Rustle Up Some Adventure with James Stewart Westerns NIGHT PASSAGE and THE RARE BREED

These two classic James Stewart westerns are new on Blu-ray

James Stewart is one of my favorite actors from classic Hollywood, with the majority of his output fitting into one of a handful of specific categories: collaborations with Capra and Hitchcock, romantic comedies, and westerns. It’s taken awhile, but a number of his terrific westerns are finally coming to Blu-ray, among them Arrow Academy’s very recent release of The Far Country and Criterion’s upcoming edition of Destry Rides Again.

This week Stewart’s Western Blu-ray library was joined by a pair of Universal productions by way of Kino Lorber Studio Classics: Night Passage and The Rare Breed.

Night Passage (1957)

Disgraced railroad enforcer Grant MacClaine (Stewart), who famously allowed notorious bandit “The Utica Kid” (Audie Murphy) to slip through his fingers, has been riding the rails since, stripped of his job and reduced to playing an accordion for coins. (Note: there’s some singing)

As the railroad builds out further west, so too do its many workers, but the Utica Kid’s band of criminals have caught wise and started relieving the railroad of its employees’ payroll, finding that robbing a train is far easier than holding up any bank.

In desperation after several such hits, the railroad calls their biggest gun back in for a chance at redemption.

Stewart is a fine presence here as a good-natured former gunslinger getting back into the groove. He has a personal stake in the matter, and part of the film is about uncovering the mystery of what happened those years ago – how and why the rail’s best enforcer, as far as anyone can tell, betrayed his employer and allowed a criminal to escape justice.

The film is immensely beautiful to look at, full of rugged California mountain scenery, and the film is elevated by an inventive train holdup sequence and a side story in which MacClaine gets paired with an orphan boy who is the newest member of the gang.

I’ll note that both the past and current marketing and packaging for the film, including the trailer and the Blu-ray box and even its menu, plainly state a key reveal better left for the story to tell — a part of the mystique of the characters and their motivations. I was actually able to watch the film without this point spoiled, and it was better for it. If you can avoid reading the film’s synopsis before watching, it’ll benefit the natural layout of the storytelling.

The Rare Breed (1966)

By the time The Rare Breed came around, the western genre had undergone a massive transformation. The explosion of violent and stylized spaghetti westerns had altered the landscape, making title The Rare Breed an apt descriptor for the family-friendly cattlemen tale.

A visibly older and grizzled Stewart stars in this rather charming and easy to watch comedy as a crusty cowboy who gets mixed up in a cattle transaction that turns into a love triangle. Cattle breeder Martha, a widowed Englishwoman (Maureen O’Hara), along with her daughter Hilary (Juliet Mills), have made the trek to the United States to introduce their champion Hereford bull, Vindicator, to crossbreed with American cattle.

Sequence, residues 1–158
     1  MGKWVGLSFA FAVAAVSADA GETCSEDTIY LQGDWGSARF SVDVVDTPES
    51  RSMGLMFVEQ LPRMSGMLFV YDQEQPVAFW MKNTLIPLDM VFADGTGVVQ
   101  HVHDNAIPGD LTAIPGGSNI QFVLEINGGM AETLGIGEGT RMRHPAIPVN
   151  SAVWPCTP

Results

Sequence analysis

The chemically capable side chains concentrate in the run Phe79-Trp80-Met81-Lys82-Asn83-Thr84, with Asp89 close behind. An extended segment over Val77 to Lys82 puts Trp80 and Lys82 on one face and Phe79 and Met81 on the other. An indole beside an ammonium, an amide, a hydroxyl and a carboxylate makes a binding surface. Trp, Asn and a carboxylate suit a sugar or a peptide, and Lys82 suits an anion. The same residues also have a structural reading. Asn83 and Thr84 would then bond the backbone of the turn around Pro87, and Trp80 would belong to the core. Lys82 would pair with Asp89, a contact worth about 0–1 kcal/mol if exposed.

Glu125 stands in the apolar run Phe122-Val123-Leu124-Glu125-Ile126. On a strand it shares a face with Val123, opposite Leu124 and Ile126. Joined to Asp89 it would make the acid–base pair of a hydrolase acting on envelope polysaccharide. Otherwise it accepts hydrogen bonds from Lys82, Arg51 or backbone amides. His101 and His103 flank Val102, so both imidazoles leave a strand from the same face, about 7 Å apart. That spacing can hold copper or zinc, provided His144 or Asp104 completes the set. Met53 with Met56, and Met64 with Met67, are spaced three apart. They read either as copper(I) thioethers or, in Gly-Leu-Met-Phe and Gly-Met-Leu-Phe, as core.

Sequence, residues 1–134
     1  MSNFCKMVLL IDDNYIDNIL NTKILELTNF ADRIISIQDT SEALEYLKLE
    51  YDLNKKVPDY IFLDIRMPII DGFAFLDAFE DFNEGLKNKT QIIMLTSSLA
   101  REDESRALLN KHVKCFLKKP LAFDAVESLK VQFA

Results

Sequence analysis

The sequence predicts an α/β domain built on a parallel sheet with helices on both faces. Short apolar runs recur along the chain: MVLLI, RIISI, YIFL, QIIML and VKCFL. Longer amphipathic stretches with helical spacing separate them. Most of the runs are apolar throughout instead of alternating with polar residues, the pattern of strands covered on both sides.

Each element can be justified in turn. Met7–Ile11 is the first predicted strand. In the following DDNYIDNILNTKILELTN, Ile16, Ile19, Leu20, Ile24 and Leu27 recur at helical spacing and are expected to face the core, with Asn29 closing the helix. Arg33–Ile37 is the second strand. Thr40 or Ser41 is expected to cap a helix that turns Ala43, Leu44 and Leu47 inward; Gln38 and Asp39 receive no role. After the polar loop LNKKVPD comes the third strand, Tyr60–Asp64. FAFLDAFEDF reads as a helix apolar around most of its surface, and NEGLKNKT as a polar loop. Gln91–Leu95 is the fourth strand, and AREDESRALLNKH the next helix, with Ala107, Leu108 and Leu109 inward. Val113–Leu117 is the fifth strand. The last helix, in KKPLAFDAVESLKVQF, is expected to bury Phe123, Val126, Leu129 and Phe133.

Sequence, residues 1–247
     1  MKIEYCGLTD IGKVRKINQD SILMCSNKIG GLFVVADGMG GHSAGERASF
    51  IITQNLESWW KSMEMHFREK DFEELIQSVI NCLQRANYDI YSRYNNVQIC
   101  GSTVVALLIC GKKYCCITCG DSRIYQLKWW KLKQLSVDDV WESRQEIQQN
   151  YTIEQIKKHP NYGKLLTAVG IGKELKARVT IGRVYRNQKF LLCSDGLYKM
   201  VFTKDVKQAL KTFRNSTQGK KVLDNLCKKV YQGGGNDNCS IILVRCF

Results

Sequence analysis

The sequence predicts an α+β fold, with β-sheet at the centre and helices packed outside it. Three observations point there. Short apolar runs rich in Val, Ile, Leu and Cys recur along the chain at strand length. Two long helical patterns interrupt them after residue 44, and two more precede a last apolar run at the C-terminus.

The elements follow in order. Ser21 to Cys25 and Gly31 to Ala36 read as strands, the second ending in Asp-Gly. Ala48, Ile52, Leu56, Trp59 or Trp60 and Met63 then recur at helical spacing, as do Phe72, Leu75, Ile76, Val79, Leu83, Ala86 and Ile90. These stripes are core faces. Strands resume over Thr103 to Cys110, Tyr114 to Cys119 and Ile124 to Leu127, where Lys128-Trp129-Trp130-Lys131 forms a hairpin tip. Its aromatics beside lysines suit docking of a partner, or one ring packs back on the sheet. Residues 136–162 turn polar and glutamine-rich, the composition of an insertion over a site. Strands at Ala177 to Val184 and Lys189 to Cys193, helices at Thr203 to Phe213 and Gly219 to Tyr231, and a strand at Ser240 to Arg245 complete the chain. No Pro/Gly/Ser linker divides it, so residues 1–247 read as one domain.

The hornless Hereford is laughed off in longhorn country, but his beautiful and elegantly classy owners — mother and daughter both — catch the eye of the many a local yokel.

Vindicator is purchased by a cattle baron Bowen, who happens to be a Scotsman (Brian Keith), and gruff-mannered cowpoke Burnett (Stewart) is tasked with delivery of the beast. Both men fall in love with Martha, with Bowen’s son also falling hard for Juliet.

The romantic comedy aspects of the film provide it with a great deal of charm, especially for featuring older characters each looking for their second act, but equally compelling is Martha’s dream, shared by her deceased husband, to bring the Hereford to America — a dream that meets with a harsh reality in longhorn country, where various characters argue over whether he’ll have luck with the ladies and make little baby cows.

The Rare Breed is an endearing film with a lighthearted touch, full of colorful and enjoyable characters. If you’re looking for raw action and lots of exploding squibs, look elsewhere, but for a fun, Disney-esque family adventure in the vein of Old Yeller or Davy Crockett, this is a tremendous pleasure.

The Package

Both films include an audio commentary and a sampling of trailers, most of which either are westerns or feature James Stewart.

Special Features and Extras — Night Passage

  • Audio Commentary by Toby Roan
  • Trailers — Made For Each Other (2:05), Broken Arrow (1:59), No Highway in the Sky (2:09), Bend of the River (1:47), Thunder Bay (2:15), Night Passage (2:33), The Rare Breed (2:12)

Special Features and Extras — The Rare Breed

  • Audio Commentary by Simon Abrams
  • Trailers — Made For Each Other (2:05), Broken Arrow (1:59), No Highway in the Sky (2:09), Bend of the River (1:47), Thunder Bay (2:15), Night Passage (2:33), The Rare Breed (2:12), The Way West (3:28), The Devil’s Brigade (3:46), Fffolkes (2:13)

A/V Out.

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Night Passage —
The Rare Breed —

Except where noted, all 16:9 screen images in this review are direct captures from the disc(s) in question with no editing applied, but may have compression or resizing inherent to file formats and Medium’s image system. All package photography was taken by the reviewer.

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